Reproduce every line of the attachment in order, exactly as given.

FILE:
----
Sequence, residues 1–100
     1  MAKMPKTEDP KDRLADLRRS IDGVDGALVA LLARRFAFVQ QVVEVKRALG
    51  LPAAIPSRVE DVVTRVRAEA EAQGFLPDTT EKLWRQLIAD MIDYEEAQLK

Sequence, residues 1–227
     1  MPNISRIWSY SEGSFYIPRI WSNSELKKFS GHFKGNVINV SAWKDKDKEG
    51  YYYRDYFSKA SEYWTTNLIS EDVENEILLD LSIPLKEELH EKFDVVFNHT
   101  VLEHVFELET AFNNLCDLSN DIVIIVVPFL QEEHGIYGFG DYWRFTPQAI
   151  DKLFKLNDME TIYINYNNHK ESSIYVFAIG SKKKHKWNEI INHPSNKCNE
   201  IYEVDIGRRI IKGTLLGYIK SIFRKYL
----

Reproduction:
Sequence, residues 1–100
     1  MAKMPKTEDP KDRLADLRRS IDGVDGALVA LLARRFAFVQ QVVEVKRALG
    51  LPAAIPSRVE DVVTRVRAEA EAQGFLPDTT EKLWRQLIAD MIDYEEAQLK

Sequence, residues 1–227
     1  MPNISRIWSY SEGSFYIPRI WSNSELKKFS GHFKGNVINV SAWKDKDKEG
    51  YYYRDYFSKA SEYWTTNLIS EDVENEILLD LSIPLKEELH EKFDVVFNHT
   101  VLEHVFELET AFNNLCDLSN DIVIIVVPFL QEEHGIYGFG DYWRFTPQAI
   151  DKLFKLNDME TIYINYNNHK ESSIYVFAIG SKKKHKWNEI INHPSNKCNE
   201  IYEVDIGRRI IKGTLLGYIK SIFRKYL